David Bristow is a Bushtracks' Specialist Guide based in Cape Town. For 13 years David edited Africa’s leading travel magazine Getaway, and his colleagues dubbed him “the walking enviropedia.” Now a freelance writer, he continues to share this knowledge, primarily through storytelling. He is an environmental scientist and has written some 20 books that focus on the natural environment, culture and history of the region. His specific focus is the history of the Cape, its peoples, cultures, politics and how the natural environment has influenced human development there. The geological (including paleontological) and archeological record are among his abiding interests. Read David's Lasted Articles >>
Science journalist, and Bushtracks guest blogger, Cheryl Lyn Dybas brings her passion for African wildlife and conservation to many publications, including Africa Geographic, Natural History, BBC Wildlife, BioScience, The Washington Post, National Geographic Traveler, and National Wildlife. She is also the winner of a National Magazine Award-Canada; a contributing editor for Natural History magazine; and a contributing writer for Oceanography magazine. She is a featured speaker on science journalism and conservation biology at universities, scientific societies, and other venues. Read Cheryl's Latest Articles >>
Richard Knocker has been a professional guide and camp manager for 22 years, has led trips all over Africa, and has worked as a specialist guide for Bushtracks. He speaks English and is fluent in Kiswahili, French and Turkish. A passionate birder and botanist, he considers himself a privileged observer and here shares his thoughts on the Great Migration. Read Richard's Latest Articles >>
With a special interest in wildlife and nature, photographer and Bushtracks’ guest blogger Ken Zaremba has traveled the world and enjoys sharing his adventures through photography. Most of his photo trips now are into the jungles and wilderness in pursuit of all things wild. Nature and all its creatures hold a special fascination for Ken, as do the people of remote places. After retiring from over 35 years in software systems engineering, Ken has spent the last twelve years capturing photographic images from over sixty countries on seven continents. Read Ken's Latest Articles >>
Bob and Shirley booked their first custom safari - a group trip up the Great Rift Valley in a DC-3 - after talking with David Tett about Africa at a UC Berkeley Alumni travel reception in 1999. Thirteen safaris later, they say they intend to keep going on African luxury safaris forever!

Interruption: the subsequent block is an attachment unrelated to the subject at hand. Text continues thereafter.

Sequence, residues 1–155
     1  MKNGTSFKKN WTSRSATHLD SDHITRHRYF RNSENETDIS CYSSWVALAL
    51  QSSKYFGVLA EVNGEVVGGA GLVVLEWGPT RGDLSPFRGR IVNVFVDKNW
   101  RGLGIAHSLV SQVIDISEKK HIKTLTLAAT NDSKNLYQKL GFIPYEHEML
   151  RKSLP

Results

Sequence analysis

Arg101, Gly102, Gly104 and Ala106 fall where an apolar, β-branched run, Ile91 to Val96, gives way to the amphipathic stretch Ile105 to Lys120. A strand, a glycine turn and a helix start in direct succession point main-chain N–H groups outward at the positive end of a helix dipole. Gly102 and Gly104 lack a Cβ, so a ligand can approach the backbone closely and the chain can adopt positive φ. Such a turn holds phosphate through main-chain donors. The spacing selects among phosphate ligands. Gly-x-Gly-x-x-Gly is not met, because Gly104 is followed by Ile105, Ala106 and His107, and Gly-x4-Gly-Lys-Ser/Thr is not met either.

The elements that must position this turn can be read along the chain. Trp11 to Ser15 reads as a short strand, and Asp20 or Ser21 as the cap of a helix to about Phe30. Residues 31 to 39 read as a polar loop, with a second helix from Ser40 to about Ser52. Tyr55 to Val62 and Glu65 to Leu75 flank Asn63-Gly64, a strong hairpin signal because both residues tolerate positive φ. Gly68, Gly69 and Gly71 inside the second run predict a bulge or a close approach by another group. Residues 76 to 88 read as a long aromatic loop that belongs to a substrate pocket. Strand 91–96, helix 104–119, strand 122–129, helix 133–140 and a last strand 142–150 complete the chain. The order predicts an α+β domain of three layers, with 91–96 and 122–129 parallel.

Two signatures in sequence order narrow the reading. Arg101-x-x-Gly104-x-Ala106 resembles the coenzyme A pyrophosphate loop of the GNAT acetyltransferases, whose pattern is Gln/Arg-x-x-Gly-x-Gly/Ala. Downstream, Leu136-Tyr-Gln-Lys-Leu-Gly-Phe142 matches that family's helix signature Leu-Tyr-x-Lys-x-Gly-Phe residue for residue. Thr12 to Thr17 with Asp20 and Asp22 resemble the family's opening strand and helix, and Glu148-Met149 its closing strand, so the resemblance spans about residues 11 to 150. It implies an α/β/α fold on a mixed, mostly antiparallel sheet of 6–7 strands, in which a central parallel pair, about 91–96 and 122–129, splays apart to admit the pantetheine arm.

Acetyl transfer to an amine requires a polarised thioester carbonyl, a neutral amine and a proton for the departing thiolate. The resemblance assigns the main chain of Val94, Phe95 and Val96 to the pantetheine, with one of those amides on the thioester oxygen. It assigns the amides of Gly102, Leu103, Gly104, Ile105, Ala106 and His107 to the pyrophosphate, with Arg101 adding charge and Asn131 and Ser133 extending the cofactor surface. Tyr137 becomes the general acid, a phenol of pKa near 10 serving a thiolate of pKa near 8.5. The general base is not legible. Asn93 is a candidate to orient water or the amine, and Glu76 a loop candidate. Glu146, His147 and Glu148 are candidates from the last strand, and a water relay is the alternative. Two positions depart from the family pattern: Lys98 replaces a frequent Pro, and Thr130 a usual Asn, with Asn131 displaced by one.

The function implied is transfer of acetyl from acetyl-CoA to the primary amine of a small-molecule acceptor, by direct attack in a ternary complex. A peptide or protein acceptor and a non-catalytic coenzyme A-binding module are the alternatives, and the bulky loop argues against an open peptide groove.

The Sandersons have traveled on several Bushtracks cultural trips to Africa and India, including North Africa and the Great Sahara and Casablanca to the Cape. We've taken them to Timbuktu three times and arranged a sunrise photo shoot of the pyramids at Meroe, Sudan. Several countries on these trips can no longer be visited, so we're glad to have been a part of their "go while we can" travel strategy.
Growing up in the Equitoria region of South udan, a land once abundant in wildlife before civil war, the seeds for a career in wildlife were planted early. Fiesta began her career with African Wildlife Foundation in 1999 as an intern until being hired full time as a Landscape Conservation Officer. Fiesta spent several years directing AWF’s Samburu Heartland and later moved on to direct AWF’s program in the Kilimanjaro Heartland. Fiesta now oversees all of AWF’s program implementation activities for Kenya, including Kilimanjaro, Samburu, and Mau Forest. Fiesta holds an M.S. in wildlife conservation and management from University of Reading, UK.
AWF (African WIldlife Foundation) and Bushtracks Expeditions have been partners for over a decade. Founded by AWF Council members, David and Carolyn Tett, Bushtracks has crafted numerous independent safaris for AWF’s members and trustees.
Born and raised in Africa, Carolyn and David can create authentic safari experiences based on six generations of African heritage. Bushtracks is family-owned and operated, with safari experts and offices in both Africa and the U.S., and they will create safaris allowing you to explore the stunning continent of Africa at your own pace, choosing your own dates, destinations, and companions — and they can build in visits to AWF landscapes and projects along the way so you can see AWF in action. Learn more about our African Wildlife Foundation safaris here.
David is a sixth-generation Southern African, born and raised in Harare, Zimbabwe, later earning a Bachelor of Science degree in DNA technology from the University of Cape Town, South Africa. He founded Bushtracks expeditions in 1989 and has been traveling extensively throughout Africa for more than 45 years. Combining his interest in ecosystems, David develops educational programs that include traditional cultures and wildlife.